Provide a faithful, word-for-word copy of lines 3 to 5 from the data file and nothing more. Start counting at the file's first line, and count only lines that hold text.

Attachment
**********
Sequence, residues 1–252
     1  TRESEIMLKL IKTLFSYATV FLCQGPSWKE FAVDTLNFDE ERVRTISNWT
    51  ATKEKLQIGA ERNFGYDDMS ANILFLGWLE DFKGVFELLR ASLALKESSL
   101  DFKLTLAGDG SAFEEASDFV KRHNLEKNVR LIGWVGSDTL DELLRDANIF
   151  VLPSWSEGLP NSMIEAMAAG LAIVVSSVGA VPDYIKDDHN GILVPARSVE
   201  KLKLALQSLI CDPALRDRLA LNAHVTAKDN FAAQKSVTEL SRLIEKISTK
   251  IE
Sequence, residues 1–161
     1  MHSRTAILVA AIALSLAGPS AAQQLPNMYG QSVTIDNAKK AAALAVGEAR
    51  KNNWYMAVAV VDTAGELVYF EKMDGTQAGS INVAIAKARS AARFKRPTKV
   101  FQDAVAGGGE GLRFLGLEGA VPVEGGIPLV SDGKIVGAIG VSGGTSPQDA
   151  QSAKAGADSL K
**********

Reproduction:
    51  ATKEKLQIGA ERNFGYDDMS ANILFLGWLE DFKGVFELLR ASLALKESSL
   101  DFKLTLAGDG SAFEEASDFV KRHNLEKNVR LIGWVGSDTL DELLRDANIF
   151  VLPSWSEGLP NSMIEAMAAG LAIVVSSVGA VPDYIKDDHN GILVPARSVE